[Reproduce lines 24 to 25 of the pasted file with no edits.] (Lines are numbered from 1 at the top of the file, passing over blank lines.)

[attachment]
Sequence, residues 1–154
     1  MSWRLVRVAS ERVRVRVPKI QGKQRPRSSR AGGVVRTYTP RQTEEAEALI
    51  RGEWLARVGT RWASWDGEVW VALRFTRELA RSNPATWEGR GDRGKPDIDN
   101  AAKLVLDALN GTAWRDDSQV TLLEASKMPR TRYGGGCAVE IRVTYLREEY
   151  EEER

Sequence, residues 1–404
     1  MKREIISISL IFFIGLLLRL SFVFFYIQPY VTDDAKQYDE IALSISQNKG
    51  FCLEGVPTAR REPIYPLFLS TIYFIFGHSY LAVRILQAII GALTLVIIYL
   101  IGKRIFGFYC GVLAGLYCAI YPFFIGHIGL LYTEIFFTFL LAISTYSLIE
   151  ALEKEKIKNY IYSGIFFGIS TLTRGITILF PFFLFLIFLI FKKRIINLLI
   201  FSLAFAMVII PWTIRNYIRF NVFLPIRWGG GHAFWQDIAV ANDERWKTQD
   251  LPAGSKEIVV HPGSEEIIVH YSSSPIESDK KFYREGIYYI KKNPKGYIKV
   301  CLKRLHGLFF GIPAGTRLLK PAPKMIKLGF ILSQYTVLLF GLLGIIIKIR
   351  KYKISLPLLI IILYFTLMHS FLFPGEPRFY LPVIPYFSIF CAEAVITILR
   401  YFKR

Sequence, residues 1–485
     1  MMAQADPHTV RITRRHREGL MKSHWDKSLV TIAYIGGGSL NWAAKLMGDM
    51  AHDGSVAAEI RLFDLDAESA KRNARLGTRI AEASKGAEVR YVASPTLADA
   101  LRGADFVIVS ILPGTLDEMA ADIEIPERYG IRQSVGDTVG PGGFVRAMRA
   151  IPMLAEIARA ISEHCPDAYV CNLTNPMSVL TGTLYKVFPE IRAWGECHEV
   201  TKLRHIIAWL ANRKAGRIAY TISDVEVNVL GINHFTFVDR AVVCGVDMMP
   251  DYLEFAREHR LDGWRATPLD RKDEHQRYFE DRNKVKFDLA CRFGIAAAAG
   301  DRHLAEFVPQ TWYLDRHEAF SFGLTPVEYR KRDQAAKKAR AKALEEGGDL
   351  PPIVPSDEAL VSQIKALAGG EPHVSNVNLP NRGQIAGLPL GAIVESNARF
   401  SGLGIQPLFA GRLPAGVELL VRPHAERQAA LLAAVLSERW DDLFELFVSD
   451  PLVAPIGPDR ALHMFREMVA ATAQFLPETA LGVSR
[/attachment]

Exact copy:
   351  PPIVPSDEAL VSQIKALAGG EPHVSNVNLP NRGQIAGLPL GAIVESNARF
   401  SGLGIQPLFA GRLPAGVELL VRPHAERQAA LLAAVLSERW DDLFELFVSD